The Stockton Youth Theater Project Presents, “The Littlest Ant”, a Hispanic folk tale about the struggles of a little ant who hates to work. Performances take place today and tomorrow at the Franklin High School Small Auditorium, 300 N. Gertrude Avenue at 6:30 pm. Tickets are $2 per person or $5 per family.
More about the Stockton Youth Theater Project –
The Stockton Youth Theater Project is a collaboration between Franklin High School and the Mexican Heritage Center funded in part by a grant from the Stockton Arts Commission.
The project has been offering free workshops (including snacks) two Saturdays a month from 9 am – noon since September at the Mexican Heritage Center, 111 S. Sutter. Children are learning how to make puppets, masks, sets, props, and costumes and have studied improv, pantomime, acting, makeup and dance all leading to this performance.
Franklin high theater students assist the Franklin high performing arts teacher in instruction. Currently there are 10 students ranging from 5 – 11 years with room for expansion. The program is open to children kindergarten through 8th grade.
The next series of classes starts on February 7 with culminating performances in June. Exploring new ideas and different cultural traditions and learning new skills helps build confidence for future endeavors. Do you know a child who would enjoy a new experience?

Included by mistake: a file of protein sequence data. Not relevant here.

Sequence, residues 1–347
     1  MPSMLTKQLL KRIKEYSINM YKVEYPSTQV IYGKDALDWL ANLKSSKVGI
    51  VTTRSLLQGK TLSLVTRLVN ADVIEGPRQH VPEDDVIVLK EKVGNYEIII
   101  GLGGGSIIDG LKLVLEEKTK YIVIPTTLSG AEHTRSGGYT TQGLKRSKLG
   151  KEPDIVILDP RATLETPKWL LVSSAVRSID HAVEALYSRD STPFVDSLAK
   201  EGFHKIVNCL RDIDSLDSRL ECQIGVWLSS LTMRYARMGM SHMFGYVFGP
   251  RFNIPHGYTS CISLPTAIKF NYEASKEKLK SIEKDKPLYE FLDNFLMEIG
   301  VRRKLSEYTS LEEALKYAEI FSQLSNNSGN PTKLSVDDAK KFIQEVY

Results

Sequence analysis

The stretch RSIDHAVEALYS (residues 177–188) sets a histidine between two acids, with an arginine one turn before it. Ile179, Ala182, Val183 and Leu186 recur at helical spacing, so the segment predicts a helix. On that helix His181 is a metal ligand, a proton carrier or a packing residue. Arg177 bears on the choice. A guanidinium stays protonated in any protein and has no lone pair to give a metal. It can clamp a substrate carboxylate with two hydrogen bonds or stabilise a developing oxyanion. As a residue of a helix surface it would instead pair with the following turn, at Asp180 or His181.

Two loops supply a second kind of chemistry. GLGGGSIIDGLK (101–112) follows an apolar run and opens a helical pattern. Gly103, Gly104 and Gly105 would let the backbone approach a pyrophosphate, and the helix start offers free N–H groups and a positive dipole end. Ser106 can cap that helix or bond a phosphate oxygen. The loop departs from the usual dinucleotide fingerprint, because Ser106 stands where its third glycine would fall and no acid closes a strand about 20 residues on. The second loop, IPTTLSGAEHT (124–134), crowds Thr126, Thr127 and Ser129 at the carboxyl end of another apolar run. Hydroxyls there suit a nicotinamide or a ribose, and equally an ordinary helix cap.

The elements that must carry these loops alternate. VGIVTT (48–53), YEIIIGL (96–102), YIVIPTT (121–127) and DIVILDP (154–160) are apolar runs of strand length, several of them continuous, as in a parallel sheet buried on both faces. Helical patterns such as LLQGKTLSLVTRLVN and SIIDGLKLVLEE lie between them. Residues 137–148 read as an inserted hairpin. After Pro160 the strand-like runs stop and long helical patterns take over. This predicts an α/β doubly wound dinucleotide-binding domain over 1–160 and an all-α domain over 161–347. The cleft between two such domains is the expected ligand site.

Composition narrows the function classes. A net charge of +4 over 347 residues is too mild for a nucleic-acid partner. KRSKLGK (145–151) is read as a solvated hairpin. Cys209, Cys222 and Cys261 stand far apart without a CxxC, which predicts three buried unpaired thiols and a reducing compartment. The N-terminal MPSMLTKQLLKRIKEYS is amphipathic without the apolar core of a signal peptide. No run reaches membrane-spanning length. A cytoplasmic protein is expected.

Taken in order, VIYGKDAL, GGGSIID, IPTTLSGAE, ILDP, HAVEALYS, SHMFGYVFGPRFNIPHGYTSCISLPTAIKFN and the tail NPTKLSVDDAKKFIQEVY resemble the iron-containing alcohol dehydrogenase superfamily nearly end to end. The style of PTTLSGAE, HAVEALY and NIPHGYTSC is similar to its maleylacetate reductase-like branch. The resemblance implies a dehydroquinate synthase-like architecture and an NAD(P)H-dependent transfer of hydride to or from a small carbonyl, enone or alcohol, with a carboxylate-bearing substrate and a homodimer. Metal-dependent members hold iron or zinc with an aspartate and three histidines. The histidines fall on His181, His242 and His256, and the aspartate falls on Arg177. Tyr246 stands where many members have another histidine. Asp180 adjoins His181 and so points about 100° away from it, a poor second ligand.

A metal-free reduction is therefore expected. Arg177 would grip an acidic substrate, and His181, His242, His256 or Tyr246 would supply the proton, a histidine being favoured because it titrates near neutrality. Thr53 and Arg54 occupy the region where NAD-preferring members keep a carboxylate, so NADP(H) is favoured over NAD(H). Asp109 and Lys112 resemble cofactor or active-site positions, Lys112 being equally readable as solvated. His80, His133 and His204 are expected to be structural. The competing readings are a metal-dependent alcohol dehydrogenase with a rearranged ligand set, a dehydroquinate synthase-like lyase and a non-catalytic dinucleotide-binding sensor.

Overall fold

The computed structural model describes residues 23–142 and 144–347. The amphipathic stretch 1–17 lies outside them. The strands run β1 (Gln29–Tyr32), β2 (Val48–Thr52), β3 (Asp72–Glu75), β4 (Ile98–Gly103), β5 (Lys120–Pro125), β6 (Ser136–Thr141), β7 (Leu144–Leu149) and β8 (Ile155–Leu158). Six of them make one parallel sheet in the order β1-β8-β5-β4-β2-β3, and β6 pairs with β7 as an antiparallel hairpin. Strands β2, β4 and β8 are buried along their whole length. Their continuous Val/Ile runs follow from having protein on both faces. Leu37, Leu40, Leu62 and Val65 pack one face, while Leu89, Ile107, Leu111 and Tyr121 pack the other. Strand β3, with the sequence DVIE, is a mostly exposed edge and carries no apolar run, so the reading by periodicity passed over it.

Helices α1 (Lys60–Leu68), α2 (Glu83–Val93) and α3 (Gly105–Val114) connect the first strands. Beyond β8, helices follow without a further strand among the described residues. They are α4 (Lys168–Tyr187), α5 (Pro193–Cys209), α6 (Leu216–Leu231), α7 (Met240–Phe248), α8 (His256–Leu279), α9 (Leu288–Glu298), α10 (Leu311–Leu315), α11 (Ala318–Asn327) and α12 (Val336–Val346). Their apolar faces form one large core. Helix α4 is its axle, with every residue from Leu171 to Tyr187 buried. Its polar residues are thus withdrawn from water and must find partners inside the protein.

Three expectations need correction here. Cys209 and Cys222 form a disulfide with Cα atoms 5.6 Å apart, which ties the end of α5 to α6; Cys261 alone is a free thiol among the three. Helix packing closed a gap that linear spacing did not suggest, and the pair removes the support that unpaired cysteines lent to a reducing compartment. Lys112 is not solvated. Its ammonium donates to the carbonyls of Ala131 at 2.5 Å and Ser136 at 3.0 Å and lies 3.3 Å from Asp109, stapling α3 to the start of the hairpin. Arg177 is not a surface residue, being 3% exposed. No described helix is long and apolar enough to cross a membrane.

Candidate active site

De Stocktone By El Jerome
Tomorrow, as part of the “Art Against Violence” exhibit, there will be a panel discussion about Art And Violence Prevention at the Mexican Heritage Center, 111 S. Sutter (corner of Market and Sutter) at 6 pm.
Four of the “Art Against Violence” exhibit artists – Denny Ah-Tye, David Vallejo, El Jerome and Joy Neas will be joined by Noriko Leedy, the mother of Allison Leedy, a domestic violence victim and Jessica Glynn from the Office of Violence Prevention in sharing their experiences and work focused on preventing violence. Questions and discussion are encouraged.
- Denny Ah-Tye will be speaking about his 35 years with Child Protective Services and working in themes of non violence.
- David Vallejo addresses racism reminding us that words have substantial meaning and that we should always think before speaking.
- El Jerome relies on art to remember his loved ones lost to violence.
- Joy Neas looks to art for relief from verbal abuse and as a positive outlet for healing expression.
- Noriko Leedy speaks from a mother’s perspective on the effects of domestic violence.
- Jessica Glynn will share what her work with the Office of Violence Prevention includes and suggest how the community can partner with her efforts.
Carlos Perez, illustrator of the Apple computer logo, talks about his artistic influences and career spanning his years at Delta College (1970 – 1972) until the present. The presentation takes place tomorrow at noon in the Tillie Lewis Theatre at Delta College and is free to the public.